10 Best Dehydrators | March 2017
- fine-mesh sheet for small foods
- 48 hour timer with auto shutoff
- flat tray for making fruit rolls
- includes special trays for fruit
- comes with a yogurt accessory
- air flow is not completely even
- can be set for 30 minute increments
- dries from 95-158 degrees
- adjustable drying shelves
- doesn't require shelf rotation
- opaque exterior blocks harmful light
- does not have a timer
- flexible poly-screen tray inserts
- comes in black or white
- quality made in the usa
- trays nest for compact storage
- provides consistent air flow
- includes nonstick mesh screens
- has five large drying racks
- removable back panel
- powerful 800 watt heating element
If you've spent any time looking into ways to easily improve your health and wellness through your diet, you've probably heard of raw nutrition. The raw foods movement has gained some pretty major traction over the past couple of decades, bolstered by a huge uptick in smoothie and juice sales, and by an association between these drinks and certain significantly attractive celebrities.
Whatever your reasons for investigating food dehydrators, it's important to know how they work, as well as what raw foods actually offer you. Otherwise, you might just dehydrate and eat an absurd amount of blueberries and end up diabetic.
With raw foods, it's all about the enzymes. Live enzymes in food aid in digestion, fight the oxidation of your cells (the thing that causes aging), have been shown to improve stamina and virility, and generally make you feel good. As soon as any natural food undergoes processes like extreme pressurization or, more commonly, cooking above 104˚F, those enzymes begin to die off.
Exposure to oxygen will also cause a loss of enzyme activity, which you can actually see happening if you cut open an apple and watch as it turns brown before your eyes.
While a food dehydrator doesn't cook your foods, per se, it does employ a low level of convection heating, usually around 98˚F, to slowly cause the foods inside to dry up. Put a handful of sliced tomatoes in your dehydrator overnight, and you'll have sundried tomatoes (the raw kind) in the morning. Throw a few slices of salted mango in there while you're at work, and when you get home, you'll have your very own vegan jerky.
The recipes are nearly endless, as anything that has moisture can undergo a transformation in your dehydrator. Some foods are better left alone, I've found, but the vast majority of them become something altogether compelling after half a day under the gentle heat. Take note of these cooking times, however, as the process is a process, and it takes time to dehydrate your foods completely.
Undercooked To Perfection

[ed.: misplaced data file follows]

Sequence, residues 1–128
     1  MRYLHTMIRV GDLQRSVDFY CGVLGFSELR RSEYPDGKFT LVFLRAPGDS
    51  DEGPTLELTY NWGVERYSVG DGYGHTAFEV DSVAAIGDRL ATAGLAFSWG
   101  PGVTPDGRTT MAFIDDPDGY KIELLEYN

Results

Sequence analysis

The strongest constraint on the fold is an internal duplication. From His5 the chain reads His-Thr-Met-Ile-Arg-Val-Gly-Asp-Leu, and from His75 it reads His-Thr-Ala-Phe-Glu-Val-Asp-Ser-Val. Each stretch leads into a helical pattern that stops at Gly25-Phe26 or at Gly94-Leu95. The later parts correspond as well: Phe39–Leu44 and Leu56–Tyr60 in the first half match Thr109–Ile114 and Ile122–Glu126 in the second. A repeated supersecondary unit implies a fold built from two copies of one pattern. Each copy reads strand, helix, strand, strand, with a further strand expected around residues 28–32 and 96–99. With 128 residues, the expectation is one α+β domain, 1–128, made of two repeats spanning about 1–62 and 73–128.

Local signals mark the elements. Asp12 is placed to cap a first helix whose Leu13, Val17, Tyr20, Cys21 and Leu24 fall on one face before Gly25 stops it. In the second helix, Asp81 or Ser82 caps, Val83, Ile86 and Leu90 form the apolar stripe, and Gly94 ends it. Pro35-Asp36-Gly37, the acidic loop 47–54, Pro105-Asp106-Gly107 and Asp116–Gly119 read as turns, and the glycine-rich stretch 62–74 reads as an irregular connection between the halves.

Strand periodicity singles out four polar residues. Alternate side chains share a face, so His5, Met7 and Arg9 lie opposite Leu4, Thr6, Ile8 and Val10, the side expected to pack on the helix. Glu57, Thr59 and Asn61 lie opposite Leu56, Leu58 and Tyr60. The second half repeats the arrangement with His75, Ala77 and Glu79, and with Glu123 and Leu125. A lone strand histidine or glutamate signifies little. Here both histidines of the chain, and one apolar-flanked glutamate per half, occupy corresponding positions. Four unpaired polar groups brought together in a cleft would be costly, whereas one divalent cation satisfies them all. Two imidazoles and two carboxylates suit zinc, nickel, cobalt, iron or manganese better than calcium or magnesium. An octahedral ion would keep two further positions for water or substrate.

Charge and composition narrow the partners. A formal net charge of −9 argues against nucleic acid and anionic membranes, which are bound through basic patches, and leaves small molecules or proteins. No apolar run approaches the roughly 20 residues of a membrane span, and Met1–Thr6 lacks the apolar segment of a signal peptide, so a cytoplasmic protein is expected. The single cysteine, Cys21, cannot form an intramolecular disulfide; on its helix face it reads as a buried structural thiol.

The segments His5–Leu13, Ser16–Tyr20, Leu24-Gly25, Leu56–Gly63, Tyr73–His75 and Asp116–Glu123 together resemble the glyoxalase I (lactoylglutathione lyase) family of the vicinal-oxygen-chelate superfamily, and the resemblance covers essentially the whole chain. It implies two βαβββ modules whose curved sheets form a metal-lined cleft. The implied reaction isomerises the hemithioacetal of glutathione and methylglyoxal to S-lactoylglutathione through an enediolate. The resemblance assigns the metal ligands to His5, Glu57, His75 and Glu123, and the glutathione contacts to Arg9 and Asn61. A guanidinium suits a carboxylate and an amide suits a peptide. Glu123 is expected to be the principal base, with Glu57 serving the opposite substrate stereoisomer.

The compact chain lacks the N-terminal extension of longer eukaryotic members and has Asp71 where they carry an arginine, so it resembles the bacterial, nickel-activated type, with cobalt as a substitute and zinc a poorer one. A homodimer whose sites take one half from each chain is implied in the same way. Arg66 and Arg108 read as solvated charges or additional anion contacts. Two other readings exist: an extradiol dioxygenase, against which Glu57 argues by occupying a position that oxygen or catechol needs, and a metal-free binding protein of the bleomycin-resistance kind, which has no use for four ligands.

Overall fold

Not everybody is going to keep to a raw foods diet. Even raw foodists most often practice what they call "80/20 raw," which means that roughly 80% of their diet consists of raw foods, and the rest can be cooked. This is a much more sustainable method, especially on those cold winter evenings when a hot bowl of soup is the only thing standing between you and succumbing to one of those awful winter flu bugs.
What's great about these dehydrators is that they aren't all exclusively designed for the raw foods crowd, as some of them get hot enough to perform dehydrating functions in much less time without the danger of burning you get from using a conventional convection oven.
If you're interested in picking up a dehydrator more for the long term savings you'll see compared to buying pre-dried fruits and vegetables, or simply for the fun of it, you might want to look at our list for a model that can comfortably break that 104˚F raw foods threshold. This is especially useful if you want to dehydrate anything like fish or meat into jerky that really ought to meet temperatures at or above 140˚F to ensure the elimination of potentially harmful bacteria.
For the purists among you, whether your dehydrator goes above that threshold is immaterial. Your considerations are those of anyone else in the market, however. You'll want to ask yourself how much dehydrating you actually plan to do, and what capacity dehydrator you'll need to do it.
Whatever capacity you find attractive for your dehydrating purposes, it's important to note that all of these dehydrators take up a good bit of space in the kitchen. Since the process takes so long, and since it's so easy to plow through all the delicious treats you can make, it'll behoove you to keep this thing somewhere on your kitchen counter. With that in mind, you ought to look for a dehydrator that's sized to fit in your kitchen, as well as one that goes nicely with whatever decor you've set up for yourself.
Produce Gains Popularity
Dehydration as a method of food preservation has been with us for many millennia. The oldest evidence of the process dates back to roughly 12,000 BCE in the regions of the Middle East and eastern Asia. In those days, people removed the moisture from their food primarily as a means of keeping it from molding or spoiling, and they employed the powers of smoke, fire, air, and sun to achieve their dehydration.
In the 1990s, companies like Jamba Juice and Smoothie King kickstarted a revolution in the international health foods market, as consumers finally began to suspect that foods rumored to be good for them might also be made to taste good. In the ensuing decades, the popularity of smoothies and certain of their healthier ingredients (kale, chia seeds, etc.) saw a significant explosion.
Along with this increased awareness about health, the raw foods movement began pushing the benefits of dehydration, and before long every yoga pant clad suburbanite had a kitchen stocked with the finest greens, the most powerful blenders, and a good food dehydrator.